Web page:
Monday, 9 August 2010

BEDA - Aug9 - SEKRIT things are SEKRIT

Secret (or SEKRIT as Maureen Johnson would say) things are afoot. I’ve been very busy the last couple of days with planning and figuring out logistics for a project I am going to embark upon very soon. This (as well as an epic late night shift at work) was the reason for my completely rubbish blog yesterday. I just wanted to keep planning.

I cannot tell you exactly what it is yet, because until I unveil it properly I want to keep it on the down-low. Just know that (I think) it’s going to be a lot of fun.

My current plan is to try and get it unveiled as part of the end of BEDA on August31. But if it’s not ready by then, then I won’t be releasing it until it is – I want to do it justice, and this is sort of a labour of love. All I can say is that it’s going to combine my love for Film, for Youtube, and for blogging – possibly not in the ways you might immediately think. But anyway: more on that later in the month.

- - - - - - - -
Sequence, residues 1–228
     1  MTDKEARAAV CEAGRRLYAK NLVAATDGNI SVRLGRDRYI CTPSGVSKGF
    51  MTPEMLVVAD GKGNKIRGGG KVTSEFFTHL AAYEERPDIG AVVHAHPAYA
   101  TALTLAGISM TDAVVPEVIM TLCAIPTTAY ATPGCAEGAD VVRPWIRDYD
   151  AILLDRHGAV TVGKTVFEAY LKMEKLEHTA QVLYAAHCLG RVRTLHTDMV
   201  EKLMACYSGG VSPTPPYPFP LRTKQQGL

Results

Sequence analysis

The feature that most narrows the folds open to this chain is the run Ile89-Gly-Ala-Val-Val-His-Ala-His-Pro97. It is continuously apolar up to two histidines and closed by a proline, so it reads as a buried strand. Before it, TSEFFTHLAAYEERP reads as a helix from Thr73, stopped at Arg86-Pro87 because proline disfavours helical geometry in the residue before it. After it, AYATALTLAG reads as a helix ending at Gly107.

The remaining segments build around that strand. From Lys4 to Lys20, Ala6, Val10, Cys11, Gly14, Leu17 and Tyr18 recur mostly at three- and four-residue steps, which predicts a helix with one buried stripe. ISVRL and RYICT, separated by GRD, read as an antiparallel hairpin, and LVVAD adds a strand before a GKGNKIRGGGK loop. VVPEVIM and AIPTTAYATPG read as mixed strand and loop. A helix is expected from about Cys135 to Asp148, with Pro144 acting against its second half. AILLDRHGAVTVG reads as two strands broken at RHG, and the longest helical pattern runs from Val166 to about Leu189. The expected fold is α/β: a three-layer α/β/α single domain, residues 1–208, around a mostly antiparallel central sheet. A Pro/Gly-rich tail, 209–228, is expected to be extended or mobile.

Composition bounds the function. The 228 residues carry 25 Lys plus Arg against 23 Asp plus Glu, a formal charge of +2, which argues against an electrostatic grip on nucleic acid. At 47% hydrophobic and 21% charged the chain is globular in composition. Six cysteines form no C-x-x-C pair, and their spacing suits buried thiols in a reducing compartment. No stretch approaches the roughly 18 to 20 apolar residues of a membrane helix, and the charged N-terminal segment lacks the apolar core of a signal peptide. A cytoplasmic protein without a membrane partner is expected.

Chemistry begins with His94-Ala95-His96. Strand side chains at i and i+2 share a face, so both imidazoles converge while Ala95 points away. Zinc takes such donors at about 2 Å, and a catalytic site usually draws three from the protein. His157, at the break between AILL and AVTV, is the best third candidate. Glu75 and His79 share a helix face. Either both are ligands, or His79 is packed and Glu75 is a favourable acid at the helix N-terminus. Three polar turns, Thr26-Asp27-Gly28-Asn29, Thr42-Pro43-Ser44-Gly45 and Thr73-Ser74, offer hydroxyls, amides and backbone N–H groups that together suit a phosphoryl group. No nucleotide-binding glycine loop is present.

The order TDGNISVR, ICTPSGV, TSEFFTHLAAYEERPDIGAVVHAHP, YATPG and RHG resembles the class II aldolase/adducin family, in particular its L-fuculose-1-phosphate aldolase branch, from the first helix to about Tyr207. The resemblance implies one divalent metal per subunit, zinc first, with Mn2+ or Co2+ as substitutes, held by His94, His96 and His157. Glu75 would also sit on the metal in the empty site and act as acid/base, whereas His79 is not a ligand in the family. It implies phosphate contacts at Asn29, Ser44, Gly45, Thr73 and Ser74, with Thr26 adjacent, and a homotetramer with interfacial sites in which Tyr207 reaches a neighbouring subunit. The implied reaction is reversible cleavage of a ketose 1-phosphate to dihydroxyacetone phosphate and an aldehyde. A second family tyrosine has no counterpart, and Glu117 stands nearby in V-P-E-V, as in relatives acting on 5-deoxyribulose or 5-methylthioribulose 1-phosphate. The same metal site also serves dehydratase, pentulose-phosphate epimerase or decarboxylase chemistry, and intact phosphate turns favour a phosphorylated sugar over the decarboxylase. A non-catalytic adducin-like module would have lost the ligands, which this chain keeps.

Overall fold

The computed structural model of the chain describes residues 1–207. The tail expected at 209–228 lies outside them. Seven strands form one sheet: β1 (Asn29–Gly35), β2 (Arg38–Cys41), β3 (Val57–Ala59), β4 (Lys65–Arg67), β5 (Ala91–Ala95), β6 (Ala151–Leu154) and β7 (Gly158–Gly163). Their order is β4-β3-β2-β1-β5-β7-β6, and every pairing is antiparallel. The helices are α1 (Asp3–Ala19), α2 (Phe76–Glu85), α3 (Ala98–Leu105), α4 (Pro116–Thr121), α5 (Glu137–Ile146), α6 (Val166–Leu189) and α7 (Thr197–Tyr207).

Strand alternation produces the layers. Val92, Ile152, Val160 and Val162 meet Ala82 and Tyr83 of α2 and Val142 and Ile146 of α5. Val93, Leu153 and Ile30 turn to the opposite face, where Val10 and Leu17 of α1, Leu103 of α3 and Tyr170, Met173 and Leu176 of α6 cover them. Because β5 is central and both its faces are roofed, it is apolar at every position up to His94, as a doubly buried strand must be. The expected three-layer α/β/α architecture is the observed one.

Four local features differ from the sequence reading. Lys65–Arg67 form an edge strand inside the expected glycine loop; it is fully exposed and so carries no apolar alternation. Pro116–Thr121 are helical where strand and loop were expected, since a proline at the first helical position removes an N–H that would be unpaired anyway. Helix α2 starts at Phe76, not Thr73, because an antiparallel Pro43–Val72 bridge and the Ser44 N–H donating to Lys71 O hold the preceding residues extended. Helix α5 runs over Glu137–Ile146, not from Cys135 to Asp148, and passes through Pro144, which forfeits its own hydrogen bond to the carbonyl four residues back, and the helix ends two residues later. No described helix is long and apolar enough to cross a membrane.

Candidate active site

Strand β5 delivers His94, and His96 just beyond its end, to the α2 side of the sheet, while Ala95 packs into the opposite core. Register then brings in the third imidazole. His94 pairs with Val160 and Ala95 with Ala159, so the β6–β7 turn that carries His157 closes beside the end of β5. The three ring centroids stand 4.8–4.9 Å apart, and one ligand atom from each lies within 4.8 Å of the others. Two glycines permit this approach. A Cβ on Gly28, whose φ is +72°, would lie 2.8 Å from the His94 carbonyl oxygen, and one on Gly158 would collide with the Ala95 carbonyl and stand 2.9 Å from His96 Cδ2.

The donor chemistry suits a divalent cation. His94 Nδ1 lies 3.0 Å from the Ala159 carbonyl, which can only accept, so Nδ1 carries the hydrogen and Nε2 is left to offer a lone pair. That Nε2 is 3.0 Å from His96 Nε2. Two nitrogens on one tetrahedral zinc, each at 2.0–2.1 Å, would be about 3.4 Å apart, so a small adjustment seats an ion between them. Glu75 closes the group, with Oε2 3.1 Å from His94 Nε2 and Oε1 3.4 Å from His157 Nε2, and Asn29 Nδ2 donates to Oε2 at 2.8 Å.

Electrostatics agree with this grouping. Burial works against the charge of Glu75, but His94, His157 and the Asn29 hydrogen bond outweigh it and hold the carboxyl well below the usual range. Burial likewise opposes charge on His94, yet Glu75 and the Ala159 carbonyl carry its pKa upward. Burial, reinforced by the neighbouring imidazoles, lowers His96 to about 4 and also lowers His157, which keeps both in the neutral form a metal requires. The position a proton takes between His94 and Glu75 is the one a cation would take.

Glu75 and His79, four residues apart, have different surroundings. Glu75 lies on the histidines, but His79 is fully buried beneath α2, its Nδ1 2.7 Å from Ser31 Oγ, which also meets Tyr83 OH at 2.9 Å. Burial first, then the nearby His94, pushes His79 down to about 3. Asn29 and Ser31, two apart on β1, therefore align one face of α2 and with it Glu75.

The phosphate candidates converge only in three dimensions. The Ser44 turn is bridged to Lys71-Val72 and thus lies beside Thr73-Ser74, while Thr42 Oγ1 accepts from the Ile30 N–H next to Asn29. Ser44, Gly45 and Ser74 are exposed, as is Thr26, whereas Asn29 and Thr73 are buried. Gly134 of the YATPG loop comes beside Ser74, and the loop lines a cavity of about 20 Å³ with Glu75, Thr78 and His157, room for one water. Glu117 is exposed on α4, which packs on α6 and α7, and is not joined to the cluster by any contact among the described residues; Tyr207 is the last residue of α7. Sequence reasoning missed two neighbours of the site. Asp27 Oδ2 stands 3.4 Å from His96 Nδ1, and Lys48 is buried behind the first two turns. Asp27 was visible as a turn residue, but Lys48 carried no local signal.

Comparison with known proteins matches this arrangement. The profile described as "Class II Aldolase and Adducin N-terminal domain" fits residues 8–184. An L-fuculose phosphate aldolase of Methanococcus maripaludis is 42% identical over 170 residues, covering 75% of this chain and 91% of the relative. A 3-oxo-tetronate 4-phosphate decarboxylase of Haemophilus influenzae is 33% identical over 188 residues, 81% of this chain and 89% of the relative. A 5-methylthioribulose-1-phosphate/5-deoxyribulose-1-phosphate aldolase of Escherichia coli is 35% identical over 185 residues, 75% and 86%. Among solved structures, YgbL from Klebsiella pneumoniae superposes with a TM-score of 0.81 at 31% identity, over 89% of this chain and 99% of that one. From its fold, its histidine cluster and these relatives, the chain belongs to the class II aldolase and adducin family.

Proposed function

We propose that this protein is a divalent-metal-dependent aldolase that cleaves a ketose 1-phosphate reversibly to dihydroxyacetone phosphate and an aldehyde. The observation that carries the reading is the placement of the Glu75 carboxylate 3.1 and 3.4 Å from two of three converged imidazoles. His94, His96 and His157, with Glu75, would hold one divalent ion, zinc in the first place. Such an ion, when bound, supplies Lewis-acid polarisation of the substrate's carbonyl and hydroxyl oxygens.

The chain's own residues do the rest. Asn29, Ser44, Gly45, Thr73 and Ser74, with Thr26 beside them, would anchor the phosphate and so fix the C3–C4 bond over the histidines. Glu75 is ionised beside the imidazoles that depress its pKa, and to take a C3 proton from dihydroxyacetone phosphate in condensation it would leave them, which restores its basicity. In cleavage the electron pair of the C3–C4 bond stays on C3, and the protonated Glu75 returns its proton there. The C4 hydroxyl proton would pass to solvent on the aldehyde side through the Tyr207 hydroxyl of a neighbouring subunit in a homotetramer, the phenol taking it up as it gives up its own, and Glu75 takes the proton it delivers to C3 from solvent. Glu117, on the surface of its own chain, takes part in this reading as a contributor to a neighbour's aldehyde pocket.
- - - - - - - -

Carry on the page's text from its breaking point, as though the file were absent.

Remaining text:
For now: its August 9th. I was just watching John Green on BlogTV, and discussing the ins and outs of ebook piracy, stemming from the fact that more than 40000 have allegedly illegally downloaded John’s book Looking for Alaska in 2010 – far more than have bought it.

This led to a discussion on the future of publishing both in ebooks and regular books, and the way copyright works, and how an alternative system with no copyright may (or may not) stifle creativity.

It was fascinating stuff, and as an aspiring writer myself – I am in the process of writing my first 2 novels (yes, 2 at once, both entirely unrelated, I just liked both story ideas so much I needed to keep writing both or I would have lost one of them) – the idea of actually making money off of my stories has never been at the forefront of my mind, indeed both stories I am writing purely because I need to write them – if anyone else enjoys them when they’re done then all the better, but I’m really writing them because they’re in my head and have been for years and I need to finally do something with them.

For many people though – people like John – it’s not that easy. They need to make their living on writing, so they can you know, buy food, or diapers for their 6month old son. So in this new world order, if people are becoming less and less likely to purchase books in the way they once would, just where will these kinds of authors go?

1 comment:

  1. I am not the target audience for John Green's books but I love them and would be sad to see him & others like him (Maureen Johnson, Scott Westerfeld etc) not be around because they can't just give away their product and piracy or other complications make it impossible to keep publishing their work